Former Butler of Princess Diana, Paul Burrell, issued proceedings against Max Clifford for breach of confidence and misuse of private information. Burrell had written a letter to Mr Max Clifford, the Defendant, in 2002, which was then passed from his personal assistant by fax to the editor of The News of the World.

The letter written by Burrell contained personal information about gifts he had received from the Queen and Duke of Edinburgh during his employment by the Royal Family; the Queen’s interest in the birth of his first son; a serious accident he suffered in the USA with the Queen; and also information concerning his relationship with the Queen.

The letter was sent to the newspaper with a view to them publishing a story utilising this personal information, although no such publication took place. This was due to the contained information not being in the public domain at that time, resulting in the information being both private and confidential.

The issue of this claim was whether or not Paul Burrell had authorised Max Clifford to forward to letter to other parties.

Clifford claimed there was nothing wrong with forwarding the letter to the News of the World as Paul Burrell had employed him to broker the sale of his story. He also claimed that because Burrell had not issued proceedings until October 2014, the claim was time-barred under the Limitation Act 1980.

Burrell claimed that he retained Max Clifford in order to gain some protection from the media and not to broker a sale of any story. He further claimed that he had severed the relationship with Max Clifford and turned to an alternative media company in November 2002.

Burrell’s case was that Clifford sent the letter to the News of the World without his knowledge or approval, however he did not learn that the letter had been sent until June 2011 or 2012 when the fax was discovered by the Metropolitan police as part of its investigation into phone hacking. He therefore relied on Section 32 of the Limitation Act in postponing the start of a limitation period until the Claimant has “discovered the fraud, concealment or mistake (as the case may be) or could with reasonable diligence have discovered it.” This therefore means that with Paul Burrell not learning until June 2011 or June 2012, he is in within the 6 year limitation period and was able to issue proceedings against Max Clifford.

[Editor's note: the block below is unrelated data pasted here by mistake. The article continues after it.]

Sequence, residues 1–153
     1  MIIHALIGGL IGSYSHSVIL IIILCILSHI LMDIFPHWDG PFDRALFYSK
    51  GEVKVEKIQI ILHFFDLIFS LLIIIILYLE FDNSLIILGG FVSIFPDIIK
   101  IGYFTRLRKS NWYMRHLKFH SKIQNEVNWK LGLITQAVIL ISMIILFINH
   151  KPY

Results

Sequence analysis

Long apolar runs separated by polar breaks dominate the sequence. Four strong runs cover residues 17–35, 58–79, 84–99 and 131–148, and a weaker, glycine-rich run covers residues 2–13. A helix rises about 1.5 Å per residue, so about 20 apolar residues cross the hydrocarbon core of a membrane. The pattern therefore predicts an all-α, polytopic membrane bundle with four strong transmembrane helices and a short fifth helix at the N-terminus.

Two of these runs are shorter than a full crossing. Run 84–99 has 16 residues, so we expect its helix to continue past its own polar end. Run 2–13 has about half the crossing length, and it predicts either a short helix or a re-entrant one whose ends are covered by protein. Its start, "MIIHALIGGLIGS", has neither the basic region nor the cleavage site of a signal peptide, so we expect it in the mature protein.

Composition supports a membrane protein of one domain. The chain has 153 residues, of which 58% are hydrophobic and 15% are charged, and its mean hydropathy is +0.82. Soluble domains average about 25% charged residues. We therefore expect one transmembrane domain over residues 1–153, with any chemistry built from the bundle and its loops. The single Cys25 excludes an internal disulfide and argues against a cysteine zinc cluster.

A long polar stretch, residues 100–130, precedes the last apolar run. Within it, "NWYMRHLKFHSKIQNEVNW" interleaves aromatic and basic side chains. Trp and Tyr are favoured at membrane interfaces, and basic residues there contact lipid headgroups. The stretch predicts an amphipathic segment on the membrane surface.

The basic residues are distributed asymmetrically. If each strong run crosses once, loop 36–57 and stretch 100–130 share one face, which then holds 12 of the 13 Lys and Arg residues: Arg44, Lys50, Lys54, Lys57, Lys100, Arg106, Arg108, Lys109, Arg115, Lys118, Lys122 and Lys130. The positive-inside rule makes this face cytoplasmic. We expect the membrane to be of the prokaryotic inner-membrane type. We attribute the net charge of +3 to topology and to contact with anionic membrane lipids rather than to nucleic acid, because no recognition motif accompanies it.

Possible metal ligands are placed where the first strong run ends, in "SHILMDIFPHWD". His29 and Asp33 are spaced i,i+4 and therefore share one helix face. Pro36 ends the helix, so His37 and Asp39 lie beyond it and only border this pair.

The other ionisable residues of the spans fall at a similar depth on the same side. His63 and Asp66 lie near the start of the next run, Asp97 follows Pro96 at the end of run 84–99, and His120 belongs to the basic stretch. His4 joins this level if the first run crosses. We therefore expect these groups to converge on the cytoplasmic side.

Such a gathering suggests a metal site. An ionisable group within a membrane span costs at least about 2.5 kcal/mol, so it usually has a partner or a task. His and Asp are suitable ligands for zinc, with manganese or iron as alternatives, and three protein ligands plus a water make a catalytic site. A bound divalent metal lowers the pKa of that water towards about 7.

For cases of misuse of private information, the power of the court to award general damages is not limited to compensation for distress, but also to compensate for the misuse of the private information as established in the case of Gulati v MGN Newspapers [2015]. This resulted in the Claimant being compensated for the intrusion into his privacy of the letter being forwarded to the News of the World along with distress and was awarded £5,000.

Here at Farleys our specialist abuse department specialises in claims for breach of confidentiality and the misuse of information, and while some cases cause more distress to claimants than others, there is some comfort in knowing you can be compensated for the misuse of your private information. For free, no obligation advice on whether you can pursue a claim please contact us.